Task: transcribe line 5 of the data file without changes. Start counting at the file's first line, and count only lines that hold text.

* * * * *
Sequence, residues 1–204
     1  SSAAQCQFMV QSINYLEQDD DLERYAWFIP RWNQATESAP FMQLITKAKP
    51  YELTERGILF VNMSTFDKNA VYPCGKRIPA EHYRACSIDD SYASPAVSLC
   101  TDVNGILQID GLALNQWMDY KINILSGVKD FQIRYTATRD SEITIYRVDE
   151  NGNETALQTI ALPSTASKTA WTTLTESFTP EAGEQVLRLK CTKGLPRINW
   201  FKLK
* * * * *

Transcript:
   151  NGNETALQTI ALPSTASKTA WTTLTESFTP EAGEQVLRLK CTKGLPRINW